Comparative pharmacokinetics of dimethoate poisoning in the minipig and human
Anderson JM (1,2,3) Petersson K (3) Friberg LE (3) Eddleston M (1,4) Clutton RE (5) Worek F (6), Thiermann H (6), Buckley NA (1,2).
1. South Asian Clinical Toxicology Research Collaboration, Sri Lanka 2. University of New South Wales; 3. Department of Pharmaceutical Biosciences, Uppsala University 4. Clinical Pharmacology Unit and 5. Royal (Dick) School of Veterinary Studies, University of Edinburgh, UK, 6. Bundeswehr Institute of Pharmacology and Toxicology, Munich, Germany
Objectives: Organophosphorus pesticide (OP) poisoning is a major clinical problem in rural Asia. In contrast to other class II OPs, dimethoate is more toxic and most deaths result from refractory hypotension 12-36 hours after exposure. A pig model was developed to explore the pathophysiology of this poisoning. We wished to establish if pharmacokinetic and toxicity profiles in this model are similar to acute human poisonings. For this purpose, a population PK model was developed for pigs to compare with data from humans
Methods: Six Gottingen minipigs (Weight: 16-26kg) were dosed with dimethoate at 1g/kg (3 pigs), 0.5g/kg (2), or 0.33g/kg (1). Serial plasma samples were collected hourly for 13 hrs (when they were euthanized) or until death. In addition, acute poisoning data was collected from patients (n=62; female=4; age 15-68; samples 1-11 per patient) where the volume ingested was unrealisable in most cases. Dimethoate, omethoate, RBC-AChE and BuChE were measured at each time point for pigs and humans. PK models for dimethoate in pigs and humans were developed using NONMEM 7.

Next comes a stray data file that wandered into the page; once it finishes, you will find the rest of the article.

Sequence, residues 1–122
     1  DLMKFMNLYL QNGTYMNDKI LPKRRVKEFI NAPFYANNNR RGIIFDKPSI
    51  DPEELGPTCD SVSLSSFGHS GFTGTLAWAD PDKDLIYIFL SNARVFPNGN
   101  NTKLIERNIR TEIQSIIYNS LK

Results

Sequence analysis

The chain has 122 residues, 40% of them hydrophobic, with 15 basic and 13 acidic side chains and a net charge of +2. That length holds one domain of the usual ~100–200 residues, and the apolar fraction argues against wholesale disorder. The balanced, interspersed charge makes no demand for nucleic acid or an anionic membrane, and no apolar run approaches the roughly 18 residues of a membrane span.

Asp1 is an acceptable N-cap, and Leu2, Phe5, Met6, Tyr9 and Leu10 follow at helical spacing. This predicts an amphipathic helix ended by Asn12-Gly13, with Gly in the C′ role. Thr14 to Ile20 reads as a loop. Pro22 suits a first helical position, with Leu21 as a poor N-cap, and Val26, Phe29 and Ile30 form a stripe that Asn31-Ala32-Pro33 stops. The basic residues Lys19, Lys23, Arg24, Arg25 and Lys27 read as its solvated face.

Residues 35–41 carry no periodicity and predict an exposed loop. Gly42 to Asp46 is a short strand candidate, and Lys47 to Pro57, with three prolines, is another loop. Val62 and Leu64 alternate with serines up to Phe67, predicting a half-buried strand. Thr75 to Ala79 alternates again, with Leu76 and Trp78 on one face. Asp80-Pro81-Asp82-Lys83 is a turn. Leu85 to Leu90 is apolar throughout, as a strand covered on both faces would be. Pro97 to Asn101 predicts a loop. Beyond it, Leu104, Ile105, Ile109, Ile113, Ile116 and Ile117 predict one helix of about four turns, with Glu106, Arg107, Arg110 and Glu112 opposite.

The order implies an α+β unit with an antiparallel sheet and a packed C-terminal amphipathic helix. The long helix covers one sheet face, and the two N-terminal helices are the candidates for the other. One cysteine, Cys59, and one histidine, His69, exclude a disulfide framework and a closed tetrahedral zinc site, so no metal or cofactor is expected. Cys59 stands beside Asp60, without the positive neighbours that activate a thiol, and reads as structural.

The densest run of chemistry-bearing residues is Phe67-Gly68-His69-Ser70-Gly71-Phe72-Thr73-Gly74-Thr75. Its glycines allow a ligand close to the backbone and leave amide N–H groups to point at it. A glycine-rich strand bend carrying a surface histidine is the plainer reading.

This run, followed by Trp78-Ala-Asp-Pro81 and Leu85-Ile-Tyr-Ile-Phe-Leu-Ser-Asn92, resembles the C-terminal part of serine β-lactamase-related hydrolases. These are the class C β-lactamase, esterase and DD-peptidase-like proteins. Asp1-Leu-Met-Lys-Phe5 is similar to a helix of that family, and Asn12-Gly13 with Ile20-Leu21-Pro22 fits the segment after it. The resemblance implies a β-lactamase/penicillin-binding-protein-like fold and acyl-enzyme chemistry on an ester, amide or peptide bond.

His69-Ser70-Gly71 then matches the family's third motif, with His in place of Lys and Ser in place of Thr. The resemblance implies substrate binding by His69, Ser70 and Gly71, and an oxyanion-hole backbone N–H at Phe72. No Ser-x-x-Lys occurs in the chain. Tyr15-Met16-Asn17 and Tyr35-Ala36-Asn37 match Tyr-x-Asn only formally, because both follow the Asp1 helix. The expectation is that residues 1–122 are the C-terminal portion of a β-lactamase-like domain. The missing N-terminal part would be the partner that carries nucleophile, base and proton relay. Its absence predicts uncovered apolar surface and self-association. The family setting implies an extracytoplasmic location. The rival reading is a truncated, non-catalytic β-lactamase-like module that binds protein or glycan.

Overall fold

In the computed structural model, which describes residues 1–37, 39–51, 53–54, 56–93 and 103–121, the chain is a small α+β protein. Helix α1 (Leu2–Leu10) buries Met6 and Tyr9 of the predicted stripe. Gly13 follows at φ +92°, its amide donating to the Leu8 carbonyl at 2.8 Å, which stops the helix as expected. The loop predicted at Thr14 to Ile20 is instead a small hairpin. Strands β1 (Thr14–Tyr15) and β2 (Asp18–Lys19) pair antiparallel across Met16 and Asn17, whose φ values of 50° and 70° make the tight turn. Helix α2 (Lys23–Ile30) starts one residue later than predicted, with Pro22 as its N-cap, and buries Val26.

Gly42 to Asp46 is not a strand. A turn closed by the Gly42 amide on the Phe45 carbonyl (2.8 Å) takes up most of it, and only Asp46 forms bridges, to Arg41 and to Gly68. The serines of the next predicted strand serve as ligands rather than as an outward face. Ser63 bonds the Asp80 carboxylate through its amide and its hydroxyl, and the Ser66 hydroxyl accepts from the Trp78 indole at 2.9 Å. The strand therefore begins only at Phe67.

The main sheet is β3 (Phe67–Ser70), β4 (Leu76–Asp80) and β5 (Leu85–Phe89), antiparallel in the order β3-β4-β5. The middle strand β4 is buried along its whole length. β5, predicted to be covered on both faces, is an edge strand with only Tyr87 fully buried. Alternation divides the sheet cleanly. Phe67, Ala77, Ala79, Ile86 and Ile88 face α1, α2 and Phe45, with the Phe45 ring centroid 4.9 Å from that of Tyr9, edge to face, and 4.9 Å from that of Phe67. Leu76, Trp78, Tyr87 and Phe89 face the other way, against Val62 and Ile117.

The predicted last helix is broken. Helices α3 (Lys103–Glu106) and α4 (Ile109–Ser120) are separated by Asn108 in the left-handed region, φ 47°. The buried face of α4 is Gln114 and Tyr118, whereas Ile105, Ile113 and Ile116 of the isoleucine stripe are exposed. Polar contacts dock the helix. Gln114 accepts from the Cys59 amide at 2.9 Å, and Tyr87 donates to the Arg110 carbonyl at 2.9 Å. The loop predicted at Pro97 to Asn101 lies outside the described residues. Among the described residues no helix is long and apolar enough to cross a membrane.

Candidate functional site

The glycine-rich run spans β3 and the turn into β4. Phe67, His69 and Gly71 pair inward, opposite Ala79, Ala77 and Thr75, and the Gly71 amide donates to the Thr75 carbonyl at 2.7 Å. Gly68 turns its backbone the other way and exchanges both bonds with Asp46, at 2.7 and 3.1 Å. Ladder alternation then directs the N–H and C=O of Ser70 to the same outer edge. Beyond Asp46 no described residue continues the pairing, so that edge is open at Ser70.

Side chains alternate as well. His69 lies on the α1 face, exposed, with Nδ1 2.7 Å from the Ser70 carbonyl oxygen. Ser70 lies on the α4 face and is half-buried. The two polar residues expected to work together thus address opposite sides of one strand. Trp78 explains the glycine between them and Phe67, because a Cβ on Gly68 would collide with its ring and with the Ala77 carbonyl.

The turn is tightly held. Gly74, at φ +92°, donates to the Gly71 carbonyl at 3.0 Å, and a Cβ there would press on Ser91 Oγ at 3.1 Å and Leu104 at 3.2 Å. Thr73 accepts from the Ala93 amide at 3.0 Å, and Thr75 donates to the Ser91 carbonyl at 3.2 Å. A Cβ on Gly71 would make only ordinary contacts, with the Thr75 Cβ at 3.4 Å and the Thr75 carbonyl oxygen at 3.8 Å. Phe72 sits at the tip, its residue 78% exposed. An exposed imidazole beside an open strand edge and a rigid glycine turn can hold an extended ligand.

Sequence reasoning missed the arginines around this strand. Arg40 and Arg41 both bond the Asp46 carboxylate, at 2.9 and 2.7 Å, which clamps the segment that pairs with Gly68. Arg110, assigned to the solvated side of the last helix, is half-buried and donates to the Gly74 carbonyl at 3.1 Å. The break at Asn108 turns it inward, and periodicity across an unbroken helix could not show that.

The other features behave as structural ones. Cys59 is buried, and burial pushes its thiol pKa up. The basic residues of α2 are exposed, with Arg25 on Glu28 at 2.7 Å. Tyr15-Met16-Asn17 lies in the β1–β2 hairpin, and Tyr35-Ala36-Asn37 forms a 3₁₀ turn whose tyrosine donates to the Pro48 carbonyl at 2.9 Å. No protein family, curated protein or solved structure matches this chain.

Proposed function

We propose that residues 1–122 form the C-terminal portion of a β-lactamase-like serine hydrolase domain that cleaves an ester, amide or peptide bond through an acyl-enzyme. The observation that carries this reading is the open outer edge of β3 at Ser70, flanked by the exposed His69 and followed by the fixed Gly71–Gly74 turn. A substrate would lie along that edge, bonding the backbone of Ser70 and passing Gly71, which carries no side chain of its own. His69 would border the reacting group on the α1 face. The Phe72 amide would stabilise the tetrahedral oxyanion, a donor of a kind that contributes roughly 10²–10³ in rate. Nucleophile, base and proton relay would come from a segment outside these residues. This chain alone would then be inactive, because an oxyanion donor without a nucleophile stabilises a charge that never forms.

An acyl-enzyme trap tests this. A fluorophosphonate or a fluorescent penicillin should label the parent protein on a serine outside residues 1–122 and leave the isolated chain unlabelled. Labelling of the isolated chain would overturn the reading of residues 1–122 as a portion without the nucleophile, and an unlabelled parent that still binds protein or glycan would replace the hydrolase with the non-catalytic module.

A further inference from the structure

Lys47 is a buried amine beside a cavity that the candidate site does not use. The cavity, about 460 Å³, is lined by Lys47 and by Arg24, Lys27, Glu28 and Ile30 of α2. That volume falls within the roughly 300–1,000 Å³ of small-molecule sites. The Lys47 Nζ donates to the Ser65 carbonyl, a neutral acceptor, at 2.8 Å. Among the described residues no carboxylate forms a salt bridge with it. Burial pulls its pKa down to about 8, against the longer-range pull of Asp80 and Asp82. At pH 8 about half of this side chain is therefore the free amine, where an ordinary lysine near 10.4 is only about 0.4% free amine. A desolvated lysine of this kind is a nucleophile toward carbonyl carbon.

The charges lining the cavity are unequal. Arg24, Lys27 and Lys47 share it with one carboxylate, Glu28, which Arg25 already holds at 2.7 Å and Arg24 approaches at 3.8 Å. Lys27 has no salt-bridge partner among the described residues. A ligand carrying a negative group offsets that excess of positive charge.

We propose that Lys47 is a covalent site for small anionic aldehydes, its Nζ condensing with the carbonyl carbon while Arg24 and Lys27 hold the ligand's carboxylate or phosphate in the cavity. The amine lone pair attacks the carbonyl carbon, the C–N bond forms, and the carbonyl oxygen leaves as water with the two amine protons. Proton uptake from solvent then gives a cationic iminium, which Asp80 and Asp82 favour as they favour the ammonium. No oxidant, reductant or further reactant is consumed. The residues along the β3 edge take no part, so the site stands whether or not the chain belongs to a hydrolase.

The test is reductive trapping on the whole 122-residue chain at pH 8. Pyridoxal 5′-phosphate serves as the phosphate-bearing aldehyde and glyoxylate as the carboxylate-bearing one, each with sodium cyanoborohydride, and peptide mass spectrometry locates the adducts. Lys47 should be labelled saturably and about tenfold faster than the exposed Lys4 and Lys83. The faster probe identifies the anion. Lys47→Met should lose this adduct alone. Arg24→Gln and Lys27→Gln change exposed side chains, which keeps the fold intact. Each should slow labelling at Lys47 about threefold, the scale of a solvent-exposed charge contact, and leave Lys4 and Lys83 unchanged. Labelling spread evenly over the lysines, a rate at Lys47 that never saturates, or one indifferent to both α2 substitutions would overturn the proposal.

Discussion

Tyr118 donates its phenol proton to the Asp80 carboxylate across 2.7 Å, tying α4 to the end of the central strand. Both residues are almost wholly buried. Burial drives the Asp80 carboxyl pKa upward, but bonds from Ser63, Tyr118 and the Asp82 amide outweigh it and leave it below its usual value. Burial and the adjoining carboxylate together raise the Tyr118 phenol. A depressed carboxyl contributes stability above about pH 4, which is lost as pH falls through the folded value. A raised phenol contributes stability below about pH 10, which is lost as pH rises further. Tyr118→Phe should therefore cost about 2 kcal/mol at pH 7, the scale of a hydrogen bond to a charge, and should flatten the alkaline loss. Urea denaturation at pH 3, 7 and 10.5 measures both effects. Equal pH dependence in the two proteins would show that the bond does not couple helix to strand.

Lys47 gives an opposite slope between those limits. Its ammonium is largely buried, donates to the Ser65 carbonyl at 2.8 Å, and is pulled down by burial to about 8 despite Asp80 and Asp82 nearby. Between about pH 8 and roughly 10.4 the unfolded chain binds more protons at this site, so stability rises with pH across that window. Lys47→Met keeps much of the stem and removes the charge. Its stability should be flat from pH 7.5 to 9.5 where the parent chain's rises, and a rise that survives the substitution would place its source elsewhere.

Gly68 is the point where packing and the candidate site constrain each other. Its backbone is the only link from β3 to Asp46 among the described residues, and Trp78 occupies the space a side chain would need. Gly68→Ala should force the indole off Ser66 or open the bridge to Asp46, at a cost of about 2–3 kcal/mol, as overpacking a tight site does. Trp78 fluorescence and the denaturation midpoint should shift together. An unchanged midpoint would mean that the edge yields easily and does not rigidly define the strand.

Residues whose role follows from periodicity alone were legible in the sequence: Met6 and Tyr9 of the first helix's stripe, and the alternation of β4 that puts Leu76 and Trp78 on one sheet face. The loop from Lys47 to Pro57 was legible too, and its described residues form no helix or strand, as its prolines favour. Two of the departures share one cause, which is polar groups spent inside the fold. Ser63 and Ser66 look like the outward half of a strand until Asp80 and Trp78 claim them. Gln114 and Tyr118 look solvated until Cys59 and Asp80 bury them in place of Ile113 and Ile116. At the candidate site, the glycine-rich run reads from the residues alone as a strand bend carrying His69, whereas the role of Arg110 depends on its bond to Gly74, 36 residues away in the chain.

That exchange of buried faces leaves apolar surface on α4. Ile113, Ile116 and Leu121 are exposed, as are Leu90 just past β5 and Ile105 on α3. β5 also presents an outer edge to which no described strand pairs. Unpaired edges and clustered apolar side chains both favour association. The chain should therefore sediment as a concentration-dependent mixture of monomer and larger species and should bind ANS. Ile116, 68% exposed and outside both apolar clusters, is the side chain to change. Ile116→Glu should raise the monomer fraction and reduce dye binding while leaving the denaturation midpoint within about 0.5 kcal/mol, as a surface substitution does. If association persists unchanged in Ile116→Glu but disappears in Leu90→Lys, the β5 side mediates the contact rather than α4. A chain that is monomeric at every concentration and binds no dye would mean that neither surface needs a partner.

Results: A one compartment PK model with absorption described as a combination of zero (~25%) and first order (~75%) kinetics best described the pig data. There was a large volume of distribution: Vd/F = 319 L, 0.3% CV. Elimination was rapid and non-linear with Vmax = 37 ng/h, 27% CV; Km = 440 mM (IIV not significant). The full PK model comparison with human acute poisoning data is in development; however, preliminary findings suggest a dimethoate kinetic profile similar to that in minipigs considering shape and duration. The pig model indicates a plasma half-life of ~6hrs. Calculations from acute poisoning data in humans indicated a plasma half-life ~6-8 hrs (Eyer, unpublished). The large Vd/F is unexpected given the low lipid solubility of dimethoate (log Po/w=0.7), but indicates widespread tissue binding and/or a low bioavailability. Interestingly, bioavailability appeared to decrease as dose increased.
Conclusions: Our preliminary PK findings support the further use of this toxicological minipig model to examine delayed sub-acute clinical outcomes such as respiratory failure and hypotension. The human PK, metabolite and PD models for pigs and humans are in development